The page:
Donald Trump has hit out at the Emmys after a stream of stars used the awards ceremony to criticise him.
The US president took to Twitter on Tuesday evening to say he was “saddened” to see the “worst ever” Emmys ratings – a claim that appears to be incorrect.
“Smartest people of them all are the ‘DEPLORABLES.’,” he added, in a reference to his election opponent Hillary Clinton’s much-maligned comment about his support base.
I was saddened to see how bad the ratings were on the Emmys last night – the worst ever. Smartest people of them all are the "DEPLORABLES."
— Donald J. Trump (@realDonaldTrump) September 20, 2017
According to ratings figures by market researchers Nielsen, the Emmys broadcast on US network CBS drew 11.38 million viewers.
The figure is slightly more than the 2016 ceremony which did draw the record low of 11.3 million.
During repeated political barbs at the Los Angeles ceremony on Sunday night, Mr Trump was accused of making black people the most oppressed in America and called a “lying, hypocritical bigot”.
Emmy presenters Lily Tomlin and Jane Fonda took to the stage alongside Dolly Parton, their co-star in Nine To Five, and Fonda described the conditions their characters faced in the 1980 film.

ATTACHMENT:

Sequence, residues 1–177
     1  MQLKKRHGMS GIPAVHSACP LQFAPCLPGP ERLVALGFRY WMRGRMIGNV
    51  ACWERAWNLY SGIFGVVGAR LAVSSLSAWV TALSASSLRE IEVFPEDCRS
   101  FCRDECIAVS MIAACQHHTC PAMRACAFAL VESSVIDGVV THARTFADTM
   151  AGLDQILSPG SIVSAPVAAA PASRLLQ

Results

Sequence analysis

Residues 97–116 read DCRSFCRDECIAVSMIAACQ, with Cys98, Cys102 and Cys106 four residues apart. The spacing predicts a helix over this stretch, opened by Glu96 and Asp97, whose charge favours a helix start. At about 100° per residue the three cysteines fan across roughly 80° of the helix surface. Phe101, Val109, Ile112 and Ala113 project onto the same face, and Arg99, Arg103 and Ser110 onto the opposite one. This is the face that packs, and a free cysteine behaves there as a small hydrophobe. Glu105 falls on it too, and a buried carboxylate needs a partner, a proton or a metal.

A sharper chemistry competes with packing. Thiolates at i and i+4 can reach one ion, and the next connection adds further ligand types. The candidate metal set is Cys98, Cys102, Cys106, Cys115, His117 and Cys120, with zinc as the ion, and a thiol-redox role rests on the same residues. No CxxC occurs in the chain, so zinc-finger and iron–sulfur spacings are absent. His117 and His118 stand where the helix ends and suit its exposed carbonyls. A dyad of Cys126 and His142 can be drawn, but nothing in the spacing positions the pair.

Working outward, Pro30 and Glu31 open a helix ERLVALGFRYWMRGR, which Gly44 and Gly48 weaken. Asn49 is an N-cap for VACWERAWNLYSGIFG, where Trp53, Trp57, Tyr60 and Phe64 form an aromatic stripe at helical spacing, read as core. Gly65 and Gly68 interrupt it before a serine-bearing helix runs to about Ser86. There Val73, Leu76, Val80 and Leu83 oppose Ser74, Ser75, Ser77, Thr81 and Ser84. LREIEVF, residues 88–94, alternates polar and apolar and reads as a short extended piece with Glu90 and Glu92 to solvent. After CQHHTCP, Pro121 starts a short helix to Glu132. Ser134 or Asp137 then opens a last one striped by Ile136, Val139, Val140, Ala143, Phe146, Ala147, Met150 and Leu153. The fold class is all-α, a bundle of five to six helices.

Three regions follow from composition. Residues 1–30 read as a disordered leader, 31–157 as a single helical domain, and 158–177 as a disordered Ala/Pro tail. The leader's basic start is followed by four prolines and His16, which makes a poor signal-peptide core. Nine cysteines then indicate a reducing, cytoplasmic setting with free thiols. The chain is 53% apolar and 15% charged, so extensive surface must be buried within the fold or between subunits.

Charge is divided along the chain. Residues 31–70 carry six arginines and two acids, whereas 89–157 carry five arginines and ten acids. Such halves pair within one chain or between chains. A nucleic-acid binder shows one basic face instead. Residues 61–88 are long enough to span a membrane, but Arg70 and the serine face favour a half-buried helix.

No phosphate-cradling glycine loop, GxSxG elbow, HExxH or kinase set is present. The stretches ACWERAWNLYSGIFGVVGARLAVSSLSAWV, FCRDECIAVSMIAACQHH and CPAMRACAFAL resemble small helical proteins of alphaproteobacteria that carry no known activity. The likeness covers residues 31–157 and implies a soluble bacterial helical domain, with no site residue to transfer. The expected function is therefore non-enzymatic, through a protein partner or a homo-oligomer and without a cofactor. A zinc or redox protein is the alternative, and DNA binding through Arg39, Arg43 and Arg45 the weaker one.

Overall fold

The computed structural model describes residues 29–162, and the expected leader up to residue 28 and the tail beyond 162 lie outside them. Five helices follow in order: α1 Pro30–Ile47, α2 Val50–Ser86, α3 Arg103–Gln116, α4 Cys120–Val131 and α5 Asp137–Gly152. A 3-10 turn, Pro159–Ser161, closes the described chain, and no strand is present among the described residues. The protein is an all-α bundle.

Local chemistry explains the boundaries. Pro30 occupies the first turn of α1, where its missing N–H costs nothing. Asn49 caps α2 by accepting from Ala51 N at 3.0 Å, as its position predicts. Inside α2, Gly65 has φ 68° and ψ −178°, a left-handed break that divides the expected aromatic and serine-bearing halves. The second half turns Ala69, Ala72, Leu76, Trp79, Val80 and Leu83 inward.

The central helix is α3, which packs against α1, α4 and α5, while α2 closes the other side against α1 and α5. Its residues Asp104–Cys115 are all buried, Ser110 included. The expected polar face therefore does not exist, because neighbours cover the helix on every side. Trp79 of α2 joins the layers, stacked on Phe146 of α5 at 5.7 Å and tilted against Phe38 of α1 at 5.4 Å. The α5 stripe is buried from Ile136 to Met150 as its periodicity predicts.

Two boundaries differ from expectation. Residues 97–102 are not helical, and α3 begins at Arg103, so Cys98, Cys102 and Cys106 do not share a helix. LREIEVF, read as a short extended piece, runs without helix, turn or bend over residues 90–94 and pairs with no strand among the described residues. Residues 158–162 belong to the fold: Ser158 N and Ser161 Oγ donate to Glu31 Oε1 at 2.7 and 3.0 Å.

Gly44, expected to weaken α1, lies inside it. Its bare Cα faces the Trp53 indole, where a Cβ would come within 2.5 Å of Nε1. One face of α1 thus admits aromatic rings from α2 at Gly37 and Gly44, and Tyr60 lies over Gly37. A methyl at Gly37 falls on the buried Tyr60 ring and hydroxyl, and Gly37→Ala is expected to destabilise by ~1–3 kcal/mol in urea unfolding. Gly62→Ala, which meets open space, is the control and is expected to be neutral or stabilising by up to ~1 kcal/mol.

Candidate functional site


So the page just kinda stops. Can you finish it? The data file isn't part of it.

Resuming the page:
To Parton’s apparent surprise, Tomlin added: “And in 2017 we still refuse to be controlled by a sexist, egotistical, lying, hypocritical bigot.”
Alec Baldwin, who won outstanding supporting actor in a comedy series for his portrayals of Mr Trump on Saturday Night Live, also made a jibe at the Celebrity Apprentice-host-cum-president.
“At long last Mr President here is your Emmy,” he said.
Atlanta star Donald Glover also took aim as he collected the lead actor in a comedy series award.
“I want to thank Trump for making black people number one on the most oppressed list – he’s the reason I’m probably up here,” he said.
— The Emmys® (NATAS) (@TheEmmys) September 18, 2017
Mr Trump’s fired press secretary Sean Spicer also made an appearance.
He joked “this will be the largest audience to witness an Emmys – period”, referencing the debacle over numbers attending the president’s inauguration speech.
The ceremony received criticism for his appearance for apparently normalising his actions.